Tuesday, July 9, 2013

Possession at Duluth Art Institute

I just found out my work will be in an exhibition in Minnesota this fall.

Possession opens September 5 and runs through November 2, 2013 at the Duluth Art Institute. Duluth is pretty far north, but if anyone is in the area, there will be a reception September 19 from 5-7pm. The gallery will be open Monday through Saturday 10-5 and Sunday 1-5.

Infestation, my work for Possession

A women's ceramic show in Minnesota sounded attractive, but for this one the draw to apply was the names of the jurors. The show is arranged by Minnesota Women Ceramic Artists and the jurors this year were Margaret Bohls and Eva Kwong. My ceramic-centric readers should know these names. Both artists are well-known, internationally recognized artists. When I first started making ceramic sculpture in college people compared my work to that of Eva Kwong. For this reason, I've been aware of her work about as long as I've been aware of any ceramic sculpture. I even looked at the Kent State graduate program mainly because of her. Kwong's sculptures are often smooth, simple forms covered patterns of dotted slip or glaze. She also has done wall installations with many of these simple dotted forms collected together.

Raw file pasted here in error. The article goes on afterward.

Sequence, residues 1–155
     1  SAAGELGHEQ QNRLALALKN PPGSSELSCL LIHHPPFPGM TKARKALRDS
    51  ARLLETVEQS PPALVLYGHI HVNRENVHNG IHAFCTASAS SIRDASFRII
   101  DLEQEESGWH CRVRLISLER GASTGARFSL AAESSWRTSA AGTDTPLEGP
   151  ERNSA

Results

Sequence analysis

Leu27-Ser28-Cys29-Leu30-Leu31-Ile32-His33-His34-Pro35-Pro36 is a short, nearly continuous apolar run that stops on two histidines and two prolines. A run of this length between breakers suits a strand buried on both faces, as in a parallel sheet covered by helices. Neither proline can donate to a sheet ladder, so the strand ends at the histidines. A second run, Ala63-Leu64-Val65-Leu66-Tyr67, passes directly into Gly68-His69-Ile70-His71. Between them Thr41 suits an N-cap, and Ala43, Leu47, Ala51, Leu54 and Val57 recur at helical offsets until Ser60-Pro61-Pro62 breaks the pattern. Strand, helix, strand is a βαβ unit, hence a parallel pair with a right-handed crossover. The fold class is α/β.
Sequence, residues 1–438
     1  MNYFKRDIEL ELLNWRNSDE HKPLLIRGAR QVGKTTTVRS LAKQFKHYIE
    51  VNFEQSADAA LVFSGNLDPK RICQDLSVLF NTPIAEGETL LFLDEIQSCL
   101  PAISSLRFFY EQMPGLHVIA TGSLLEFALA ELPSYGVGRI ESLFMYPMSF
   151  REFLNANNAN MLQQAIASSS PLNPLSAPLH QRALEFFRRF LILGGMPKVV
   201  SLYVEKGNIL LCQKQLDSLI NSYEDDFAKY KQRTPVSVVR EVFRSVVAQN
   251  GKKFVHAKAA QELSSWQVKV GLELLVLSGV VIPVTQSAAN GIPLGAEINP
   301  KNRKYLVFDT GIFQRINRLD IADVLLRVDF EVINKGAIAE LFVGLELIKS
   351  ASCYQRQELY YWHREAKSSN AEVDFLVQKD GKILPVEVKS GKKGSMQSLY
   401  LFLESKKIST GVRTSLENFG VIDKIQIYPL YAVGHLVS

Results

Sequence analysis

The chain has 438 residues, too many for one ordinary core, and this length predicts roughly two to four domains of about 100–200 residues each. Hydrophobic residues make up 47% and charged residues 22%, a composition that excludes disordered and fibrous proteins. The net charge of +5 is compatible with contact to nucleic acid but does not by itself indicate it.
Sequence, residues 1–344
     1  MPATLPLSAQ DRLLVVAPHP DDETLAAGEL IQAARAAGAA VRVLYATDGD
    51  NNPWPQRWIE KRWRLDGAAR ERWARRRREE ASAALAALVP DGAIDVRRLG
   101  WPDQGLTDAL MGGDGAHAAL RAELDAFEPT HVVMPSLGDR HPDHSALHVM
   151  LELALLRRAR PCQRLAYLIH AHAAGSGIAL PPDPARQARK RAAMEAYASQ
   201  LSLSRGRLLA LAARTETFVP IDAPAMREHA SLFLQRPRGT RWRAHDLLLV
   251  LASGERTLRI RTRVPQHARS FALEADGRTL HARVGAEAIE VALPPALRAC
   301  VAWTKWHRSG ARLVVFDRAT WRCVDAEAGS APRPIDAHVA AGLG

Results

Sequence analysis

sculpture by Eva Kwong, from her profile at access Ceramics

Margaret Bohl's work has been featured in Ceramics magazines and at ceramics shows and conferences for years. When I think of her, I think of functional work, I picture the work formed with slabs of repeated diamonds which each seem to have been pressed out from inside. The surface reminds me of an ornate quilt, making the forms feel soft and delicate.

work by Margaret Bohls from her website: www.margaretbohls.com

Speaking of the Midwest, my mom just drove a couple pieces up to be part of a show in St. Croix, Wisconsin later this year. I had mentioned this show earlier in the year as a continuation of a show I did in 2006. The traveling educational show, Paradise Lost? Climate Change in the North Woods was put together by artists, musicians, poets and scientists to explain, show and educated visitors about climate change. The show traveled Wisconsin, Michigan and Minnesota from 2006 to 2009. It seems bizarre to me that 5 years later the public still lacks understanding about climate change. 

Zebra Mussels (image from an NPR article about water bills in Texas)

Incidentally, the two shows mentioned here are related. The piece that will be in Duluth was created with a particular Great Lakes image in mind, that of zebra mussels infesting and clogging pipes or any other available surface as they invade the lakes of the midwest. Though their entrance into new bodies of water is not caused by climate change, the zebra mussels are able to take over greater territory because the changing temperature of lakes in the region allows them to live comfortably in lakes and other bodies of water where they might not have flourished before.

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